Like a lot of prairie towns, Tarweveld had been dying. Minnesota and the surrounding states had plenty of jobs — Minnesota's unemployment rate was three percent, and Iowa's was even lower, down in the two's. The problem was, the jobs were in larger towns, and the small towns had less and less to offer their residents, especially the younger ones.
Tarweveld had reached its peak population of 1,500 as a farm-service center after World War II. The Interstate had severely damaged its businesses — it was too easy to get to larger towns — and a regional Walmart had pretty much finished them off. There was still a cafe and a gas station and a hardware store and a couple of other businesses, but they'd been moribund as well.
Not anymore, thanks be to God.
The previous winter, on a Wednesday night between Thanksgiving and Christmas, the Virgin Mary had appeared at St. Mary's Catholic Church to a congregation of mostly Mexican worshippers, with a few devout Anglos mixed in. Unlike other Marian Apparitions, as her appearances were called, this one had been documented by numerous cell phone cameras.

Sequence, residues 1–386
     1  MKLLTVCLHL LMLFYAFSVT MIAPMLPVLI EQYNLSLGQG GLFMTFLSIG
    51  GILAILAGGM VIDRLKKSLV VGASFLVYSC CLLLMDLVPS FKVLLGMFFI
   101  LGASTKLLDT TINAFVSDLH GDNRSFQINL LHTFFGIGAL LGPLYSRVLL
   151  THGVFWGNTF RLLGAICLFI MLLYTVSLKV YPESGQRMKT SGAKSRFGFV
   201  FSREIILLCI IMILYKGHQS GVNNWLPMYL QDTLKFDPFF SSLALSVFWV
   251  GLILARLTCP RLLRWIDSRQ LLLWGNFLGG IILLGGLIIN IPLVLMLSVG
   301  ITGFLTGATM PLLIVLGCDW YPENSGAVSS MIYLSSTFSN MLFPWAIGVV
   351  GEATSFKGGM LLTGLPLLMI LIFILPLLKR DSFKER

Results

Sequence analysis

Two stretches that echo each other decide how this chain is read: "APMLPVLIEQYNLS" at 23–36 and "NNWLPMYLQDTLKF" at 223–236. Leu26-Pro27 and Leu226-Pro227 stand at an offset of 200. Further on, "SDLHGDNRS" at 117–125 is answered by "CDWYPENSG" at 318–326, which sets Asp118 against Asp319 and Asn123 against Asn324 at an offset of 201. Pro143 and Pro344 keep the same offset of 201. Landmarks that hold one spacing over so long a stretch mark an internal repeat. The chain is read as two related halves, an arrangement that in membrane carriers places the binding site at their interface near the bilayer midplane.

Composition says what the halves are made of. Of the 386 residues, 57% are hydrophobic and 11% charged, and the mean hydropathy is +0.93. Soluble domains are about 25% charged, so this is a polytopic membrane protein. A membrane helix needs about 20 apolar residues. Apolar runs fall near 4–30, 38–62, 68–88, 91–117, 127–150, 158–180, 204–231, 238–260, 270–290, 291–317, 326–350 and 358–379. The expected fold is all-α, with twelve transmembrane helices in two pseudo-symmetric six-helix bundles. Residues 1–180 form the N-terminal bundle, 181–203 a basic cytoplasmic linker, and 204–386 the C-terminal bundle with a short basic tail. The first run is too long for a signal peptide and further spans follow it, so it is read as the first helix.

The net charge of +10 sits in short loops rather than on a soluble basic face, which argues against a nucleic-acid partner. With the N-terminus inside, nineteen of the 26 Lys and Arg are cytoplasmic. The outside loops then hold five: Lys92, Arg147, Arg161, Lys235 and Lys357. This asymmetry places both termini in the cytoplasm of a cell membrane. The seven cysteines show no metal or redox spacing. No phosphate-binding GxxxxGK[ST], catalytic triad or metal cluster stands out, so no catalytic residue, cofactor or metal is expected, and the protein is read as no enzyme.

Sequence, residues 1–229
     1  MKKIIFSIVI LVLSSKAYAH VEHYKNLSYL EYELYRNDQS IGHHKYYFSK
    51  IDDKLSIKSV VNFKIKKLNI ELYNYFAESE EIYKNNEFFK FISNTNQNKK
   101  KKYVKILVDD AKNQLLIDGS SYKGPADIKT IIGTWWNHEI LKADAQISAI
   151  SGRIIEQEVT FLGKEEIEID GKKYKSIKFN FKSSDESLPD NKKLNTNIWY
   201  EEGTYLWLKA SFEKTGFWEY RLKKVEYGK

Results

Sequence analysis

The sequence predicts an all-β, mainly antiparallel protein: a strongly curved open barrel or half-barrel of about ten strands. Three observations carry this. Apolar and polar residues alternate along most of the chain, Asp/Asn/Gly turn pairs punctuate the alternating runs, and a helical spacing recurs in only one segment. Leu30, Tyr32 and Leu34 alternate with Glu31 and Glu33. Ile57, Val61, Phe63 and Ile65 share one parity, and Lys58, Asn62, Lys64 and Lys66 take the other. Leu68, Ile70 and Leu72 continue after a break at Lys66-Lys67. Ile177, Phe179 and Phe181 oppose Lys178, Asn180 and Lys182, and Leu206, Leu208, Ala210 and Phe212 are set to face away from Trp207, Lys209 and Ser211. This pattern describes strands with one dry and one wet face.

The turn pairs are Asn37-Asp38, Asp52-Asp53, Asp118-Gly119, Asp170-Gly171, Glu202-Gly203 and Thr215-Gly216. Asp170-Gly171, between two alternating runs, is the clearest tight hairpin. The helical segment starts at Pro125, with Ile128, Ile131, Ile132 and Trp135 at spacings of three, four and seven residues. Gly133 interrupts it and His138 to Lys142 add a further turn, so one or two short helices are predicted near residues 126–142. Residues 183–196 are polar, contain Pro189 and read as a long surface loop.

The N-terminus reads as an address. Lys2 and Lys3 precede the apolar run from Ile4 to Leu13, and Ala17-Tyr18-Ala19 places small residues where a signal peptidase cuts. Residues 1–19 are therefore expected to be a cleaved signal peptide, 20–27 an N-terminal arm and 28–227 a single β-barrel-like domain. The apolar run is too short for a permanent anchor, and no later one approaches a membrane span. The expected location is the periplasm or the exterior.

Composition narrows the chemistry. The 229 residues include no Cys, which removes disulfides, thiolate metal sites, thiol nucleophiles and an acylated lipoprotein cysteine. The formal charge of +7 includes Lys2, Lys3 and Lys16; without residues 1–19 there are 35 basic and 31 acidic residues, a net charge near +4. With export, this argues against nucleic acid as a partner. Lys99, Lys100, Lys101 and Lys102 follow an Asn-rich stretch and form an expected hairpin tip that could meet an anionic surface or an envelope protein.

The night after the first apparition, the church had been jammed with worshippers and the simply curious, as word of the miracle spread. There had not yet been a priest in attendance, so a deacon was presiding when the Virgin appeared the second time, floating in the air behind the altar.
The Virgin spoke: According to television commentators on Telemundo, she said, "Bienaventurados los mansos, porque ellos heredaran la tierra" or, "Blessed are the meek, for they shall inherit the earth." The same commentators said the Virgin didn't have a very good accent in any dialect of Spanish that they knew of, but somebody quickly pointed out that she couldn't be expected to, since her native language would have been Aramaic; or, perhaps, she was speaking a form that would have been closer to Latin. A few skeptics suggested a more local accent, more of a oodala-oodala-oodala Minnesota version of Spanish.